Tempering is the process of gently heating and cooling chocolate to stabilize the emulsification of cocoa solids and butterfat. This technique is generally used by professionals with couverture chocolate. It allows the chocolate to shrink quickly (to allow easy release from a mould, for example with Easter eggs) or to be kept at room temperature for several weeks or months without losing its crispness and shiny surface. All solid chocolate is tempered in production, but once melted loses its ´temper´ and must be re-tempered unless it is to be used immediately.
Untempered chocolate tends to â€˜bloomâ€™ or becomes dull and streaky or takes on a cloudy appearance. This can be avoided if melted chocolate is refrigerated immediately as chilling the chocolate solidifies the cocoa butter and prevents it from rising to the surface or ´blooming´. General baking and dessert-making do not require tempering, which is a relatively fussy procedure and takes practice. However, it is useful when preparing sophisticated decorations, moulded chocolates or coatings. Most shapes can be made without tempering if they are refrigerated immediately.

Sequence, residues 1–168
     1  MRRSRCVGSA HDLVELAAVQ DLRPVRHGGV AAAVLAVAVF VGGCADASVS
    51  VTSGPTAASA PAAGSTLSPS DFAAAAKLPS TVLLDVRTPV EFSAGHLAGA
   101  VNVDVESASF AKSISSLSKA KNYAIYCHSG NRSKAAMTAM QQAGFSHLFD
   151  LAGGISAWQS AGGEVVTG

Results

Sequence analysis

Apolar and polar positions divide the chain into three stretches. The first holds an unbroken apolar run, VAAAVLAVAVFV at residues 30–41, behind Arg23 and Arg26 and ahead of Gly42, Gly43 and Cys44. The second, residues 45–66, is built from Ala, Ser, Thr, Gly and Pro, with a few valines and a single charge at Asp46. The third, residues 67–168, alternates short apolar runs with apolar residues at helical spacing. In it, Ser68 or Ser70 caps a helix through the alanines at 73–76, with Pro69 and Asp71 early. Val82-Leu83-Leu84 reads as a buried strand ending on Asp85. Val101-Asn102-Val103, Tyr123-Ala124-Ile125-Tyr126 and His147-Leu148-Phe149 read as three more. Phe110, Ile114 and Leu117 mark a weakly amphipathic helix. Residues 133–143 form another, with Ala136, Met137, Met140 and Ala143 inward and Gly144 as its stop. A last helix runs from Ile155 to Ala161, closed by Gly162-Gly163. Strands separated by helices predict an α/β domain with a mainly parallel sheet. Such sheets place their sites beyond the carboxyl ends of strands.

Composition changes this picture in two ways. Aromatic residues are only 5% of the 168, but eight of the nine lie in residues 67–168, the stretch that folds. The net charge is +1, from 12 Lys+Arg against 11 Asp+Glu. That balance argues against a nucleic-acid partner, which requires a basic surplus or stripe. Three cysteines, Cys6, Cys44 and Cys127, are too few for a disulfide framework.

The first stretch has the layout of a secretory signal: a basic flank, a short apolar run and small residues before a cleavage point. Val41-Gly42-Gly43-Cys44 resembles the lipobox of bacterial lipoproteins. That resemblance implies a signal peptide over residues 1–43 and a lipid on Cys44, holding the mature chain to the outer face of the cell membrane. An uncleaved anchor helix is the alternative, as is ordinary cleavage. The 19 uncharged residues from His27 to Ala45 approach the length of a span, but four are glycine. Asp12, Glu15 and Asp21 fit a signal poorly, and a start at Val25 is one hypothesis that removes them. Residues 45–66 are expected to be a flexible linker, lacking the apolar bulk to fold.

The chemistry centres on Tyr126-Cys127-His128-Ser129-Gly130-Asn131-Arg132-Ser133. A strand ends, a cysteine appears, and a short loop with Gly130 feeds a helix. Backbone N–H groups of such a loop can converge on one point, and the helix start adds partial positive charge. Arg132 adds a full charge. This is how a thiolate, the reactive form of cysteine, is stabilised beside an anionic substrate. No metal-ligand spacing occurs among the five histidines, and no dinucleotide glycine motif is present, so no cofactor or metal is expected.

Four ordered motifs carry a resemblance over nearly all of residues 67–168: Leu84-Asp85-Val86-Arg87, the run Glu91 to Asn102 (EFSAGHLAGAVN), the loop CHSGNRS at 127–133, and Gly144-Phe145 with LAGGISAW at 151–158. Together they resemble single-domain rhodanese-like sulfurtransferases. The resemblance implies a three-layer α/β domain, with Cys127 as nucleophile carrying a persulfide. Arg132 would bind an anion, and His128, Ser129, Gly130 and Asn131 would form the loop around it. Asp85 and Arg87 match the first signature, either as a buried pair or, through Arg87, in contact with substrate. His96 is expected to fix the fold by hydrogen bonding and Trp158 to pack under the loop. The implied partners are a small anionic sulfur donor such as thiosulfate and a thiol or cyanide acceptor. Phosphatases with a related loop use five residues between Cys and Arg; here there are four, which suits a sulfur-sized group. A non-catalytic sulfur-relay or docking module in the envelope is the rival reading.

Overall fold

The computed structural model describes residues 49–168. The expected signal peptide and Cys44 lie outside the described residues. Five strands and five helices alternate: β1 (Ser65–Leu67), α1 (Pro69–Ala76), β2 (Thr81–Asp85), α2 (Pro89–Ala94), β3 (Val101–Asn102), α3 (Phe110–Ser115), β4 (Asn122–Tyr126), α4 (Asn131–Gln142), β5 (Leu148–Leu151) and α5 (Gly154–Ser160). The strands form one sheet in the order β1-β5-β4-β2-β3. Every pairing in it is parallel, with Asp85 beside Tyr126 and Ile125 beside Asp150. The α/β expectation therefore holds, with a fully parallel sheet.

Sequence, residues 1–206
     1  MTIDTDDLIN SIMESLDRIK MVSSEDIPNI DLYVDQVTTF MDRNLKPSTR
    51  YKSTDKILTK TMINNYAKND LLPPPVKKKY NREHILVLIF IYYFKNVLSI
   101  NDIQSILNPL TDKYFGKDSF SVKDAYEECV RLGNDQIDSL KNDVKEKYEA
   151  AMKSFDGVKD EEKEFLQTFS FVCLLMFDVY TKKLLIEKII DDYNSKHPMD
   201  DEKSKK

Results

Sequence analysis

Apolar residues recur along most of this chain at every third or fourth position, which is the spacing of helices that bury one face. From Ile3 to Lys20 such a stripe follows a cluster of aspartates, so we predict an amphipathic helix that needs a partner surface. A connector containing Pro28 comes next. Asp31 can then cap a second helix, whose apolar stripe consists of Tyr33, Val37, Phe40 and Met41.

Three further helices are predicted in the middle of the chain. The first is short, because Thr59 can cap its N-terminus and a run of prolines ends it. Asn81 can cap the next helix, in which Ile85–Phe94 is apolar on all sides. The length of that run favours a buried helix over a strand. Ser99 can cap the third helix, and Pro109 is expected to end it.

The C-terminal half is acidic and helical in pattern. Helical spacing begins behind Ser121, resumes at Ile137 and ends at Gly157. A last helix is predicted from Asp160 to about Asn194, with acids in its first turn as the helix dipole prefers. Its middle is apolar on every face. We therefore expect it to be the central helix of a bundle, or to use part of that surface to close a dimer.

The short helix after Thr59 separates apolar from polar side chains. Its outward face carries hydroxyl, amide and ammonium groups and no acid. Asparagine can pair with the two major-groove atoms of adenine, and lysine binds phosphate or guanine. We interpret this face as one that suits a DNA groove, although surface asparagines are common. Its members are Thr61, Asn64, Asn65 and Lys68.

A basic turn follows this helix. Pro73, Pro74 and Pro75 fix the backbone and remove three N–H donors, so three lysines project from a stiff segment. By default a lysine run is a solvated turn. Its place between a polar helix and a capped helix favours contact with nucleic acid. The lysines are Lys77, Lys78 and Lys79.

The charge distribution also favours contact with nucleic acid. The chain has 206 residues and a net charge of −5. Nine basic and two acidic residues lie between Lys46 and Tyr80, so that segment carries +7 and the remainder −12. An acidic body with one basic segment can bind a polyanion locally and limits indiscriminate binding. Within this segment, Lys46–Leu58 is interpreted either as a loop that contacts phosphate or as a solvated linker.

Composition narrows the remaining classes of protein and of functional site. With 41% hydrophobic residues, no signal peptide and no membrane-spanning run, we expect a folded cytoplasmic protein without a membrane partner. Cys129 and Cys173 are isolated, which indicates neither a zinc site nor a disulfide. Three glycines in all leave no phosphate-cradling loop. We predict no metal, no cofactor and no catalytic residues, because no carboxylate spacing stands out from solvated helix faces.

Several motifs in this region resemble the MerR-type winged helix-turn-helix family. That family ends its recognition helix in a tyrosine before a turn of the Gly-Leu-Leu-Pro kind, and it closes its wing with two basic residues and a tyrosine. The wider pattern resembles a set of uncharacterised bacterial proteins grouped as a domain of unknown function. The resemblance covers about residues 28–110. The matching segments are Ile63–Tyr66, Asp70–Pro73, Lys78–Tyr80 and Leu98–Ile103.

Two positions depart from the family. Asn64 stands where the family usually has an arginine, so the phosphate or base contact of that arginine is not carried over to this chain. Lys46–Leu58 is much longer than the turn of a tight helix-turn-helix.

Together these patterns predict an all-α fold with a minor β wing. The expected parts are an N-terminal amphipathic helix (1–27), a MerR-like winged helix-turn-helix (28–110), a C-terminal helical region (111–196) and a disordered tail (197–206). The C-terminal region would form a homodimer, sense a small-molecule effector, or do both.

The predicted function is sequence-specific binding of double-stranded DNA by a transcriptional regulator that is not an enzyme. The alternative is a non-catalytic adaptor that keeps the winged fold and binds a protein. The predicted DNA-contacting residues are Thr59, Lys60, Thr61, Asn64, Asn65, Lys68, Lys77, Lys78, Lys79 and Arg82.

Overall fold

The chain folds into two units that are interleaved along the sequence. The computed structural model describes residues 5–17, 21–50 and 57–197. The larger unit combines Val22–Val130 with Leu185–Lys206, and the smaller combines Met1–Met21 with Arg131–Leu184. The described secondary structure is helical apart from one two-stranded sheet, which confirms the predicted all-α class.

* Melt the couverture chocolate by the preferred method â€“ the microwave method is quick, easy and the least messy. The temperature should be about 45C/110F. Stir to be sure the chocolate is completely melted and smooth.
* Pour about three–quarters on to a marble slab or baking sheet and, using a metal palette knife or rubber scraper, quickly scrape into a pool in the centre and then spread out again. Work the chocolate for 3-5 minutes until no streaks remain. Scrape back into the chocolate remaining in the bowl and stir until blended. The temperature should be about 32C/90F. The chocolate is now tempered and easy to use.
(Source – Irresistible Chocolate by Elizabeth Wolf–Cohen)